Epilogue: In a city of a thousand stories


In the end Dan and I both left Maui.  The circumstances surrounding the final days, and apparently some stuff that had been building for a little while, lead to a split that was less than amicable.  What once was a close friendship, the closest to having a brother I’ve ever had, instead is now a frosty divide.  Ryan still lives there with his wife and son, and I assume has gotten back to his normal adventurous self minus being in a band.  The Maui music scene plugged along and several of the bands we knew have grown or changed, or not, and things aren’t much different than when we were there, or so it seems from the outside.

I’m contemplating the future of the idea of The Mobius Project.  I’m living in NYC and, having once been in a small pond where even being a small fish felt big, I just don’t see myself giving another go at the band set up.  Who knows what the future holds, but I can’t see it coming together and meshing with life like it did before.

But that doesn’t mean I’ll be giving up on music all together, and that’s what I’m working out, I guess.  I don’t know what’s going to become of the Mobius Project now, but I know that it can still be for me what it was originally intended to be: a way to bring creativity into my every day life.  I tell this story because it’s the story of my musical journey so far, with respect to the people and incidents that got me making music in the first place.  It’s relatively short because the time period it covers was relatively short.  But I’m at a place where I’m contemplating what to do next, and as so often happens, I’m looking back to decide how to move ahead.  But if there’s anyone out there that’s even read this far, I imagine you must be asking yourself why you should even care about this story, so I guess that’s what I’ve come to.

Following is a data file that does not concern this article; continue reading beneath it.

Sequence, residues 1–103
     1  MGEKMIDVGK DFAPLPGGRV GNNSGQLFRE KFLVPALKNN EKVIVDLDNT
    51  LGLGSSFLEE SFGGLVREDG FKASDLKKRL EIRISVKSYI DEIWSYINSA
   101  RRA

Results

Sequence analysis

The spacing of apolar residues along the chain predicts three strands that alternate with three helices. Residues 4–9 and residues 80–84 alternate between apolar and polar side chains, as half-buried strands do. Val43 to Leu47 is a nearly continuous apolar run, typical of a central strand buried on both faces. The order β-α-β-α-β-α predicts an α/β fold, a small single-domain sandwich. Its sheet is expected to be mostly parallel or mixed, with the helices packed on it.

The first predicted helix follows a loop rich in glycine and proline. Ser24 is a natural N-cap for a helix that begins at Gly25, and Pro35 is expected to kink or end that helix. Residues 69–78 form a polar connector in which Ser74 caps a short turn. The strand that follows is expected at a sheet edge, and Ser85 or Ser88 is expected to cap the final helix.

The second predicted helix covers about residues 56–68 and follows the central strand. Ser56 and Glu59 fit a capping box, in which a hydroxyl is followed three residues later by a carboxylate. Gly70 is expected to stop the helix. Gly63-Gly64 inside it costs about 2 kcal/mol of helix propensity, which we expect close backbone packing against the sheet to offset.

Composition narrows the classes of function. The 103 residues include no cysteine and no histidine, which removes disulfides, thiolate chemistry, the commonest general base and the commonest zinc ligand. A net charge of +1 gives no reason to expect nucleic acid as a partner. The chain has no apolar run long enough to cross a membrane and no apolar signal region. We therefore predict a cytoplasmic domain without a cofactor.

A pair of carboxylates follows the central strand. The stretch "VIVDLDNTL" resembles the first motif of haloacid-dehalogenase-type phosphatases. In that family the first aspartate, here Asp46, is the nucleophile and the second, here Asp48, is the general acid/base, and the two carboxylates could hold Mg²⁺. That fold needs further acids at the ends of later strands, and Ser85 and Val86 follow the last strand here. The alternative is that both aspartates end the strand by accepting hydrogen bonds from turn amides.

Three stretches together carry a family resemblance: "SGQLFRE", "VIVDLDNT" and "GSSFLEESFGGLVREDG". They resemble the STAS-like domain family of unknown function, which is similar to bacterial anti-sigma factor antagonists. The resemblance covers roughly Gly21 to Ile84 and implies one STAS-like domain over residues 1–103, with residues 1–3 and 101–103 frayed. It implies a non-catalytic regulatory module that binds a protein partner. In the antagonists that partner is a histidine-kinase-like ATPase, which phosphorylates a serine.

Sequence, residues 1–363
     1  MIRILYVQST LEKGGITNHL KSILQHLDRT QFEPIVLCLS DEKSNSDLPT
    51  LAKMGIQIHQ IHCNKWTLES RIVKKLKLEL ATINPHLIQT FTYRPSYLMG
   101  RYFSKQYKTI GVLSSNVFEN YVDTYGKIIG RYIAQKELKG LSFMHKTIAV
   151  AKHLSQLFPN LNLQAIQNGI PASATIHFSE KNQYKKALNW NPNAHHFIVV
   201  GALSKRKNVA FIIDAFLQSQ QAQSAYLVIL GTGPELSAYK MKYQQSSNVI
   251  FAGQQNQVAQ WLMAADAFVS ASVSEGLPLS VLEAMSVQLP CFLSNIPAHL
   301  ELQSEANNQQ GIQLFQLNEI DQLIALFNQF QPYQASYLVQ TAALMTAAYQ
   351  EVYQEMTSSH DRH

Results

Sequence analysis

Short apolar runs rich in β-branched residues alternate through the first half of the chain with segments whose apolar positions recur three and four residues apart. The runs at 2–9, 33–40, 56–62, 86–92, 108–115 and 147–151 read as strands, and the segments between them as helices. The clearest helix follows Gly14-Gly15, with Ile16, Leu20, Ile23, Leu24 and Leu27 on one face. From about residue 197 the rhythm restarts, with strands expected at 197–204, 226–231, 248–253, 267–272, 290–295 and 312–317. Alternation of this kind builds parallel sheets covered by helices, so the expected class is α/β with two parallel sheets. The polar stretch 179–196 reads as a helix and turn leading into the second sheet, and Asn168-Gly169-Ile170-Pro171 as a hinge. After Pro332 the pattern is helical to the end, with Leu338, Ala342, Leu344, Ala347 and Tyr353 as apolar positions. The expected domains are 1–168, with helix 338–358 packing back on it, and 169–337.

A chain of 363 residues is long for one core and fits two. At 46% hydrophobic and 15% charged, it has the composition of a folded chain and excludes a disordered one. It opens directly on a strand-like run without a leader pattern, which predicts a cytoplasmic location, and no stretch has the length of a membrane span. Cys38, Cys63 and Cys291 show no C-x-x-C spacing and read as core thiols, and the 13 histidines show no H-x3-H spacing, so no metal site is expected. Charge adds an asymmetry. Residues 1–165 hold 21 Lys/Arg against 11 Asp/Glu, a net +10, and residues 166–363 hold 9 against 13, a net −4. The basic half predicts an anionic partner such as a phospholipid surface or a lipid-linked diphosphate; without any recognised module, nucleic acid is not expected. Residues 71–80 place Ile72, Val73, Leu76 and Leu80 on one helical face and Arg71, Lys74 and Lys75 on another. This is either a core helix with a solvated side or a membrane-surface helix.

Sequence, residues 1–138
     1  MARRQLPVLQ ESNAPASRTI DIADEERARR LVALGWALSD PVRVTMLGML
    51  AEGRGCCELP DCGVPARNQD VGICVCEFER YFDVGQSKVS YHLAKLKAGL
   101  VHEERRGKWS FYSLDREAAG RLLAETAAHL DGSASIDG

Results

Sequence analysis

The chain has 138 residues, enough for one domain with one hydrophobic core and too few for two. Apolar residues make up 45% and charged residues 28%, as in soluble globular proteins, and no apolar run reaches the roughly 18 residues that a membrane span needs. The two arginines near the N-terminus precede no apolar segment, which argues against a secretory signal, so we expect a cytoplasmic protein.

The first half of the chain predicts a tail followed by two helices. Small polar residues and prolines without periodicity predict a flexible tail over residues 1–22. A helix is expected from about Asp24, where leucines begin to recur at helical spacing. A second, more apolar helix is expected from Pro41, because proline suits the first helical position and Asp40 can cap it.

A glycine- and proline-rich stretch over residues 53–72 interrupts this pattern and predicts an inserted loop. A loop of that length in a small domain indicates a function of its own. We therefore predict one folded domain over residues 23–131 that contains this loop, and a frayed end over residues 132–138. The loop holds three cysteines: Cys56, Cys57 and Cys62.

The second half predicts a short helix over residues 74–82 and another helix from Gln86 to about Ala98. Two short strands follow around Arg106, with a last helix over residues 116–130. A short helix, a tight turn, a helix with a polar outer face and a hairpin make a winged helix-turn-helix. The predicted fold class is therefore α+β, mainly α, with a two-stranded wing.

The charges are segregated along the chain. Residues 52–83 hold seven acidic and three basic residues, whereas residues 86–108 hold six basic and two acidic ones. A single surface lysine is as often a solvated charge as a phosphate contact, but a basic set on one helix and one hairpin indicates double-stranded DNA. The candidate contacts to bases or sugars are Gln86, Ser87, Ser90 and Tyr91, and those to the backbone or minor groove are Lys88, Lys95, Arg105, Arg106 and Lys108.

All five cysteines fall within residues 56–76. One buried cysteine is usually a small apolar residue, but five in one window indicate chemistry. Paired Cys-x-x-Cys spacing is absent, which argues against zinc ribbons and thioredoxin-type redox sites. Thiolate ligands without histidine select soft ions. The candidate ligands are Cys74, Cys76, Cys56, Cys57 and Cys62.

I said in the beginning that I felt like this story, as much as there are parts of it I’m more than happy to leave behind, is a room of open doors.  There’s a lot of open topics here that I’m considering lately:  friendship, family, accomplishment, creativity, identity, music and art, love, frustration…it’s like a room with many walls, all covered in murals, and lots of doors.  Each door allows me to look backwards on the structure from a completely different perspective and to see something entirely different.  And each comes with it’s own set of emotions. But I guess everyone has a story that works like that for them; everyone has their “room of doors” story.  This one’s just mine…well, one of them anyway.